Constructing pandas DataFrame from values in variables gives "ValueError: If using all scalar values, you must pass an index"

Question:

This may be a simple question, but I can not figure out how to do this. Lets say that I have two variables as follows.

a = 2
b = 3

I want to construct a DataFrame from this:

df2 = pd.DataFrame({'A':a,'B':b})

This generates an error:

ValueError: If using all scalar values, you must pass an index

I tried this also:

df2 = (pd.DataFrame({'a':a,'b':b})).reset_index()

This gives the same error message.

Asked By: Nilani Algiriyage

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Answers:

The error message says that if you’re passing scalar values, you have to pass an index. So you can either not use scalar values for the columns — e.g. use a list:

>>> df = pd.DataFrame({'A': [a], 'B': [b]})
>>> df
   A  B
0  2  3

or use scalar values and pass an index:

>>> df = pd.DataFrame({'A': a, 'B': b}, index=[0])
>>> df
   A  B
0  2  3
Answered By: DSM

You need to provide iterables as the values for the Pandas DataFrame columns:

df2 = pd.DataFrame({'A':[a],'B':[b]})
Answered By: ely

You can also use pd.DataFrame.from_records which is more convenient when you already have the dictionary in hand:

df = pd.DataFrame.from_records([{ 'A':a,'B':b }])

You can also set index, if you want, by:

df = pd.DataFrame.from_records([{ 'A':a,'B':b }], index='A')
Answered By: fAX

If you have a dictionary you can turn it into a pandas data frame with the following line of code:

pd.DataFrame({"key": d.keys(), "value": d.values()})
Answered By: ingrid

Maybe Series would provide all the functions you need:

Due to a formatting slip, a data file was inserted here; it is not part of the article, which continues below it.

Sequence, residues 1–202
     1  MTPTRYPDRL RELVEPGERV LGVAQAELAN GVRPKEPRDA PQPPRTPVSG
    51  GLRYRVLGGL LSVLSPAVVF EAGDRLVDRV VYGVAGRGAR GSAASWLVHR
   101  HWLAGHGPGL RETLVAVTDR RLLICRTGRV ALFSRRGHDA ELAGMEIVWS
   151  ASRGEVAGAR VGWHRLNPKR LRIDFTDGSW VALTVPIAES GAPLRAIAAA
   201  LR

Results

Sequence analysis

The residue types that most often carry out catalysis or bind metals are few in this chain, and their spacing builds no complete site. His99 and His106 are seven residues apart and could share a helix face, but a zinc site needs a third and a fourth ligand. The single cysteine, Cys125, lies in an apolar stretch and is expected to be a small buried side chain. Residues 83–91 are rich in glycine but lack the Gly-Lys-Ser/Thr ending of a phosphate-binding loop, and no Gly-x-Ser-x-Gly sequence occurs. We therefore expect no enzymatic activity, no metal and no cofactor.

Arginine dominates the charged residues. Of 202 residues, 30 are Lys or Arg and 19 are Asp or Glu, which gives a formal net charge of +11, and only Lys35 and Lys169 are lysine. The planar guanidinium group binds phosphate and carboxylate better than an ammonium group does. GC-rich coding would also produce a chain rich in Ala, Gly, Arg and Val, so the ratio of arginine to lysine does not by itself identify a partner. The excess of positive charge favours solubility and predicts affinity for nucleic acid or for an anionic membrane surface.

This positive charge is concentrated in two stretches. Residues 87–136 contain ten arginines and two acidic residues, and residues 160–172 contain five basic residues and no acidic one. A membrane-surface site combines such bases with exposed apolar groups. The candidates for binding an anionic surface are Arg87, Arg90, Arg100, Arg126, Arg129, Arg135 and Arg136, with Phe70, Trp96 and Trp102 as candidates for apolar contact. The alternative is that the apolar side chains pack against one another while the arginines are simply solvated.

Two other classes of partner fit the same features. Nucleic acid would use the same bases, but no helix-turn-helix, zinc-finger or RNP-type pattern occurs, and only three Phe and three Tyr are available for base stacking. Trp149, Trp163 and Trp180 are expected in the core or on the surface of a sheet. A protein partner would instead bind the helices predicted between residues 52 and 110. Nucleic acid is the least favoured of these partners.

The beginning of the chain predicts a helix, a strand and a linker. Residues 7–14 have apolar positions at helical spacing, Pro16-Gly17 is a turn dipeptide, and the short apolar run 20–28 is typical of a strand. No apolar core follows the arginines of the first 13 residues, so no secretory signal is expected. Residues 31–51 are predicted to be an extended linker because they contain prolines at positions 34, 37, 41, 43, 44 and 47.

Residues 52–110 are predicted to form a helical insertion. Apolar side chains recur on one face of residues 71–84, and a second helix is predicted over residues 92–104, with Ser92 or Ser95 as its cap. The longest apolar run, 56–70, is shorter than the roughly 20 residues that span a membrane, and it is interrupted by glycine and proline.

pd.Series({'A':a,'B':b})

DataFrame can be thought of as a collection of Series hence you can :

  • Concatenate multiple Series into one data frame (as described here )

  • Add a Series variable into existing data frame ( example here )

Answered By: Rob

This is because a DataFrame has two intuitive dimensions – the columns and the rows.

You are only specifying the columns using the dictionary keys.

If you only want to specify one dimensional data, use a Series!

Answered By: danuker

You need to create a pandas series first. The second step is to convert the pandas series to pandas dataframe.

import pandas as pd
data = {'a': 1, 'b': 2}
pd.Series(data).to_frame()

You can even provide a column name.

pd.Series(data).to_frame('ColumnName')
Answered By: MLguy

If you intend to convert a dictionary of scalars, you have to include an index:

import pandas as pd

alphabets = {'A': 'a', 'B': 'b'}
index = [0]
alphabets_df = pd.DataFrame(alphabets, index=index)
print(alphabets_df)

Although index is not required for a dictionary of lists, the same idea can be expanded to a dictionary of lists:

planets = {'planet': ['earth', 'mars', 'jupiter'], 'length_of_day': ['1', '1.03', '0.414']}
index = [0, 1, 2]
planets_df = pd.DataFrame(planets, index=index)
print(planets_df)

Of course, for the dictionary of lists, you can build the dataframe without an index:

planets_df = pd.DataFrame(planets)
print(planets_df)
Answered By: k0L1081

You could try:

df2 = pd.DataFrame.from_dict({'a':a,'b':b}, orient = 'index')